We’re not all drones, but neither is the whole work force skilled and intelligent enough to be knowledge workers. Perhaps largely due to our Dickensian education system more than anything else.

    If we’re to have more creative and talented kids, the education system needs a sharp, short, radical shakeup that starts to encourage and reward creativity and imagination, fosters entrepreneurial, critical and analytical thinking, and is based more on coursework or project assessment, rather than memory and rote learning.

  6. Peter Tanham says:

    @John, looking at the stats of the amount of executives being let go, and the fact that this is a “middle class” recession, I’d say the answer is probably yes, that a large chunk of the dole queues

    What gives me hope about this outlook is the size of our country. For every leader there needs to be more than one follower/tribe member/employee. Normally this might limit the size of any potential “knowledge industy” in a country, but the fact that we’re a tiny, open economy should work to our advantage here.

  7. TCM says:

    Very interesting post.

    Would it be too much to ask that we create new industries based on IP and knowledge that create jobs across ALL sectors? One market I’ve been researching is the Electric Vehicle market where the Irish Government has seemingly already done a deal with US Firm ‘A Better Place’ to put in the infrastructure!!

    Another bloody Shannon Stop-Over and an over-eagerness to appear ‘with it’ within the West. “Get over it already”.

    Furthermore, we’re helping sign the deal for big-tax business and Government opportunity (as opposed to true social opportunity) by jumping on the US bandwagon and agreeing that we need road-side EV charge sites. There are other options that would benefit the World, commerce, the environment et al (albeit harder for the Government to skim the top off). All they need is another ‘growth country’ to jump on and we’re in full support.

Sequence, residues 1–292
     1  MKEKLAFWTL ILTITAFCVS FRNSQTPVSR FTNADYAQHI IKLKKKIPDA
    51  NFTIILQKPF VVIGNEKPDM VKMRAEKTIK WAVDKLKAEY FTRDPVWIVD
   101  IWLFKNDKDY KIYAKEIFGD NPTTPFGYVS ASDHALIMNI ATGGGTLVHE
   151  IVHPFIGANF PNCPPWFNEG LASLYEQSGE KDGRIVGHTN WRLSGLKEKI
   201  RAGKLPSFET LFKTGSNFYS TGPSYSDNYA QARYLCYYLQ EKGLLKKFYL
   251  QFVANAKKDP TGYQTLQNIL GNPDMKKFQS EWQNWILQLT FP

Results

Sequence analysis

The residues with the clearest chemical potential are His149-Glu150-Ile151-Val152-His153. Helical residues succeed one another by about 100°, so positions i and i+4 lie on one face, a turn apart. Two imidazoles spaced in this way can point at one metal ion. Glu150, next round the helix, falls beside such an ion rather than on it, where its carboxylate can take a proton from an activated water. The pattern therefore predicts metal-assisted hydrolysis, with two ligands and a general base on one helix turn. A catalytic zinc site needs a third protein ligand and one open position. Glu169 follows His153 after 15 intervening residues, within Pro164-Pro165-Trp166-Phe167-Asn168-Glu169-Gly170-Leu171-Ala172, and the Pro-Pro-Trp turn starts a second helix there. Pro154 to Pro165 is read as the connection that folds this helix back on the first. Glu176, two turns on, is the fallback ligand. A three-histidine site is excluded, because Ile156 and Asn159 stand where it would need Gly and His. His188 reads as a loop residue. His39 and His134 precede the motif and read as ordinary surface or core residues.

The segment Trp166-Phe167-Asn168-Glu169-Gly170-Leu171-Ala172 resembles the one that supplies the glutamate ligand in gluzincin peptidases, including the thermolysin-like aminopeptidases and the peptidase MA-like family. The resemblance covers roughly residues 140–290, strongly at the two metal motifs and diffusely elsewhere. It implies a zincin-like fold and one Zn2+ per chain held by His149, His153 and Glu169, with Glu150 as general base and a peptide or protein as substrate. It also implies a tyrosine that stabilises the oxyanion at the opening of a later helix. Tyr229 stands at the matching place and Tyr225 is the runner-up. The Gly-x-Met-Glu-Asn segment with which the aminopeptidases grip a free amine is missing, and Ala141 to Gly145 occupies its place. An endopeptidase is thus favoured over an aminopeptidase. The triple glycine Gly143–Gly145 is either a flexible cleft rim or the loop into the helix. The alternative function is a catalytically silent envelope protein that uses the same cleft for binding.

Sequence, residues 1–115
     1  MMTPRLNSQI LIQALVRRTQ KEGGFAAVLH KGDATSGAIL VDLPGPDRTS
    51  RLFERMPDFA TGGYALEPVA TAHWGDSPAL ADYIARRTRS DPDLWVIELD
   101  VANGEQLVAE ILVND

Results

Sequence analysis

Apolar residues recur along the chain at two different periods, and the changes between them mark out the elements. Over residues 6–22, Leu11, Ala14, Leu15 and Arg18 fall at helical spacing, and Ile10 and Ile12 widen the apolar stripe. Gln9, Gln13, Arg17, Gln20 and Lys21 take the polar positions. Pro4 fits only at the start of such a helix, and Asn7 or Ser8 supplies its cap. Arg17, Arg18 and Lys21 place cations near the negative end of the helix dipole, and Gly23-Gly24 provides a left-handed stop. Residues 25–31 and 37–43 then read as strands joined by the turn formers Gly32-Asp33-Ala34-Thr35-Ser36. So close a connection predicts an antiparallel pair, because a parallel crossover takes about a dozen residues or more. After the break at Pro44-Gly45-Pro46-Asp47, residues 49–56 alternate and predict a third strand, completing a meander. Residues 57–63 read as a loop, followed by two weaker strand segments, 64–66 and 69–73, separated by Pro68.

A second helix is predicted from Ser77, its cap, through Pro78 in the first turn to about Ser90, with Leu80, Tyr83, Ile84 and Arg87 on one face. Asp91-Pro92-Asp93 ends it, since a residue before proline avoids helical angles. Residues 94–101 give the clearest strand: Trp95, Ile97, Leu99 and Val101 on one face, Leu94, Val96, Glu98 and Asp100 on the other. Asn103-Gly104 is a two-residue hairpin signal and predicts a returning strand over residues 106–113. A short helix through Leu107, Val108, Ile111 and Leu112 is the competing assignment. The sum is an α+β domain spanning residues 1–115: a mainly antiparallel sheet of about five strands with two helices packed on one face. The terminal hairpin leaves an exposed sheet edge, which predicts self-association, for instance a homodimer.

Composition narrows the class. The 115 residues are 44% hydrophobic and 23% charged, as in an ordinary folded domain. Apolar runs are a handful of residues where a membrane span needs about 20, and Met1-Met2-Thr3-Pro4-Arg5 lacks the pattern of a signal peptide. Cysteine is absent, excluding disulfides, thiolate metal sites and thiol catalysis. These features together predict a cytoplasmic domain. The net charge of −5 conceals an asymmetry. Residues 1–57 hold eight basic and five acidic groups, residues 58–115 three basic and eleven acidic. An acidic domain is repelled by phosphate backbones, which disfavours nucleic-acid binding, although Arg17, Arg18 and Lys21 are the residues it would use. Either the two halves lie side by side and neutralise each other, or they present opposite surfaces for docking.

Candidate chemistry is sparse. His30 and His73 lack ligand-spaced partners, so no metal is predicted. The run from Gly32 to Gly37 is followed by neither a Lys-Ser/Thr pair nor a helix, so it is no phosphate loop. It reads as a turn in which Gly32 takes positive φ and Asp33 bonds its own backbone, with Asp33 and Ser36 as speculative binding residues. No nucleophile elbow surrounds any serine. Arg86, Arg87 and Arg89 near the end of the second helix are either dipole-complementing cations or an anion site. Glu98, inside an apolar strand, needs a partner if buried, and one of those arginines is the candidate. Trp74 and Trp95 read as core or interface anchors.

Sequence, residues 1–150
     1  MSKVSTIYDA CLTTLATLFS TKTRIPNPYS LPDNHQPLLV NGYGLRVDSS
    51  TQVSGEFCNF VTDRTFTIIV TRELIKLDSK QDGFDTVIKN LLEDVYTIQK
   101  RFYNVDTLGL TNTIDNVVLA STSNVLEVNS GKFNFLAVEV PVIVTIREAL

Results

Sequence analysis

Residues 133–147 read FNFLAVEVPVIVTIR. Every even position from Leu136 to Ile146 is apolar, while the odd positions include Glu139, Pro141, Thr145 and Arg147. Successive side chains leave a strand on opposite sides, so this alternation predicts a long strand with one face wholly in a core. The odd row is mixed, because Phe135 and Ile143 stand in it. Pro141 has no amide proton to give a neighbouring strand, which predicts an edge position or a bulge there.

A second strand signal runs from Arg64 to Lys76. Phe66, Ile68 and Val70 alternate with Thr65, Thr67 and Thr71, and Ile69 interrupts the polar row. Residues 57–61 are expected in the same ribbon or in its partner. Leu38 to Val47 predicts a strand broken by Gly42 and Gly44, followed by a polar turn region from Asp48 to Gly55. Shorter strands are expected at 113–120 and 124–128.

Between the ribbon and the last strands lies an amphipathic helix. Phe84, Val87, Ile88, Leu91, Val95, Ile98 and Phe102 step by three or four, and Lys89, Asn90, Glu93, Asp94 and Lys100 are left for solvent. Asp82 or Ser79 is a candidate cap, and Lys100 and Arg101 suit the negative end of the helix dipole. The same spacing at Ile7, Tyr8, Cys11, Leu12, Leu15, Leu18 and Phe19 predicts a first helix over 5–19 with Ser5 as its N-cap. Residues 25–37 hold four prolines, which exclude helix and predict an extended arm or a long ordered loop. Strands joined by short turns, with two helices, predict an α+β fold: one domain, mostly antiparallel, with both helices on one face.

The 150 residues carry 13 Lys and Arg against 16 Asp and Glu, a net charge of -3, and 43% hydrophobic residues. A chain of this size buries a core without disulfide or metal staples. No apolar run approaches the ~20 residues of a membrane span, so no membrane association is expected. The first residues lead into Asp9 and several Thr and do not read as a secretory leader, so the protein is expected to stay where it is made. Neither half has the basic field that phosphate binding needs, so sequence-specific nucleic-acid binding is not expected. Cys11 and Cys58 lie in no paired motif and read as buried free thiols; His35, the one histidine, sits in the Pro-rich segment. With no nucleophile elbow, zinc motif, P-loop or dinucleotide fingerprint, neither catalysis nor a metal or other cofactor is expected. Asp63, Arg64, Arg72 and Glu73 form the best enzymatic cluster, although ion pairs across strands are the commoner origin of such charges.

Have the Government looked internally? Obviously not. Have they looked at India? Doubtful. God bless being ‘neutral’ eh.

  8. […] by some fundamentals such as poor broadband access (see examples of these frustrations here from Damien Mulley, Adrian Weckler and Evert […]

  9. I attended a US-Ireland business summit in 2003 in Washington. In attendance were a bunch of Irish (North and South) technologists, academics and politicians, with counterparts from the US side. Mary Harney was the Minister for Enterprise, Trade and Employment at the time. We were discussing Information Technology and Biotechnology. I run a bioinformatics research group, so I sort-of span the two.

    Mary Harney (I don’t and have never voted PD, btw) was clearly the only politician from this side of the pond to know anything whatsoever about any kind of technology. A leading Sinn Fein politician asked me “What exactly is biotechnology?”. Why did he come to the meeting if he didn’t know this? Maybe he was trying to learn, so that is something at least.

    So, yeah, while this blog post is about information tech, it is even more true that our politicians know almost nothing about BioTech. I try to educate them, but there is a real gap in their knowledge. Let’s face it, not a single person in Leinster House campaigned on a high-tech ticket and the Irish people don’t vote on the basis of a person knowing anything about high tech.

    It needs to change.

  10. TCM says:

    Agreed James.

    It’s shocking. One of the main concerns we should have is that the electorate have unfounded comitment to specific parties with a personal connection or history as opposed to contemporary issues.

    The only way we’re going to step up is as a community – we simply can’t wait for Government – there will just be more ‘Shannon Stop Overs’ and other short-sighted opportunities. If only the wider public would reflect on the past 20 years and realise that we are positioning ourselves as an attractive short-term solution. NOTHING else. We need to command our own industries and start bloody exporting (IP at least)!